Emerging markets have been mired in mediocrity for the majority
of the year. They have seen periods of extreme underperformance
interlaced with brief bursts of strength that often fizzle out.
Most recently, the
iShares MSCI Emerging Market ETF
(NYSEARCA:EEM) has been whipsawing right around its 200-day moving
average without any clear directional trend. However, there is
still a case to be made for adding to these regions as a value
opportunity that may have more upside potential than domestic
stocks. The key is selecting the right region, fund, or strategy to
achieve the results you desire.
A quick check of the scoreboard will reveal that the
SPDR S&P 500 ETF
(NYSEARCA:SPY) has gained more than 28% this year, while EEM has
languished near the flat line. This level of outperformance is
stunning considering that most emerging market countries are
considered to have much faster paced GDP growth than here in the
US. However, the combination of tepid economic data combined with
widespread currency devaluations have put a lid on emerging market
Certain countries are starting to take note, as China just
sweeping reforms to boost its economy with an emphasis on finance
and consumer sectors. This news sent the
iShares FTSE China 25 ETF
(NYSEARCA:FXI) soaring more than 3% on Monday as Chinese stocks
surged to their highest levels in six months. If the reforms are
implemented correctly, it could be a step in the right direction
toward returning the Asia region to double-digit annualized growth
My preferred method of investing in the China region is through
small-cap stocks via the
Guggenheim China Small Cap ETF
(NYSEARCA:HAO). This fund is comprised of 251 small-cap stocks
centered in China and Hong Kong with over $200 million in total
assets. Since the beginning of the year, HAO has outperformed FXI
by over 11%.
HAO is trading very near its 52-week highs and has been in a strong
uptrend since its June lows. Small-cap stocks are an excellent way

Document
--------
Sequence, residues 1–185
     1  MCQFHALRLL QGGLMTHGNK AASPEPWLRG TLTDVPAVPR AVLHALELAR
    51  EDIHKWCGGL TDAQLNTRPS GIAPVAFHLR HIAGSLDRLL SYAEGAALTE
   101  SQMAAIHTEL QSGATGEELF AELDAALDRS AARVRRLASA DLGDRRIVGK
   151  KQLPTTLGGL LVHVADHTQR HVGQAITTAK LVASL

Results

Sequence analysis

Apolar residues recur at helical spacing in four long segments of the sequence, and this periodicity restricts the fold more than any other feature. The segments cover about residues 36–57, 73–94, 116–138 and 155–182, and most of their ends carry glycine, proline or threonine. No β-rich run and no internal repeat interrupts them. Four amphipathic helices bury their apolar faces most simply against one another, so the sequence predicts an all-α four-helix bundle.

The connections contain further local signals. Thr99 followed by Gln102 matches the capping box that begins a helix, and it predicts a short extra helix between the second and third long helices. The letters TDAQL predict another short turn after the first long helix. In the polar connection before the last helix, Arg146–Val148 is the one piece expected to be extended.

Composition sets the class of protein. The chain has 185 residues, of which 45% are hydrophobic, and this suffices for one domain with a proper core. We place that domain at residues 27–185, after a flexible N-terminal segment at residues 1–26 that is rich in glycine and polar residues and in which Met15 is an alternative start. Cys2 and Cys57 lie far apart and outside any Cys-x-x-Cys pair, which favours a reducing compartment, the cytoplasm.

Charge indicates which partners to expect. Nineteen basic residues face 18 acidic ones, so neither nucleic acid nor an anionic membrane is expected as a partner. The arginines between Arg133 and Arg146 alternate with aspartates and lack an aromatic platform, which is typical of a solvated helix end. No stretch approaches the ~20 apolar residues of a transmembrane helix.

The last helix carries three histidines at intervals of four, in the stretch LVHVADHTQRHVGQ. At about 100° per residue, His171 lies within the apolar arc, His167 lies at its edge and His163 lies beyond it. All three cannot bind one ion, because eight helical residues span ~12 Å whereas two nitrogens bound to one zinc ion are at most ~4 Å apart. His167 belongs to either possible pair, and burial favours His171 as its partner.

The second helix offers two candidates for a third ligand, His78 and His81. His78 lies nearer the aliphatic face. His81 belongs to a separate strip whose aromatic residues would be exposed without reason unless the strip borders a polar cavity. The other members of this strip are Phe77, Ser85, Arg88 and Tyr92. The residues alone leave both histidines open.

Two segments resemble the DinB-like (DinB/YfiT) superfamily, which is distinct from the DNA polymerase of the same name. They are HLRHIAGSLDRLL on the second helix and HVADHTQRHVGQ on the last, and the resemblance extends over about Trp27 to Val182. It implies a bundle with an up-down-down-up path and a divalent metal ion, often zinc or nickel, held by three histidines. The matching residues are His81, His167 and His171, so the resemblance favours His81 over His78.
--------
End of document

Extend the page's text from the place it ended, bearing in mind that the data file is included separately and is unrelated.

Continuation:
to get exposure to growing segments of the economy that are often
overlooked because of their relative obscurity. In addition, with
HAO you avoid many of the mega-cap China stocks that are dominated
by state-run enterprises.
Another interesting observation in the emerging markets space has
been the increasing correlation between equities and bonds. A quick
overlay of EEM alongside the
iShares JPMorgan USD Emerging Markets Bond ETF
(NYSEARCA:EMB) shows just how similar the two asset classes have
been trading lately. Clearly EMB is driven more by risk appetite
for yield rather than more traditional interest-rate sensitivity.
Income seekers who are looking to increase their international
exposure should be aware that this correlation will likely continue
moving forward. Risk in emerging market bonds will likely be linked
to the success of both equities and currencies along with credit
I believe that emerging markets represent a unique value
proposition when compared to domestic stocks at all-time highs.
Over the last several months I have been adding small positions in
iShares Emerging Markets Minimum Volatility ETF
(NYSEARCA:EEMV) for clients in my growth portfolio as a broad-based
core international holding. In addition, for aggressive income
investors, I have been purchasing the
Western Asset Global High Income Fund
) as an actively managed fixed-income play.
Overall I will be watching these regions closely for follow-through
on the recent strength and not hesitate to exit the positions if we
see a change in momentum.
Read more from David Fabian, Managing Partner at FMD Capital
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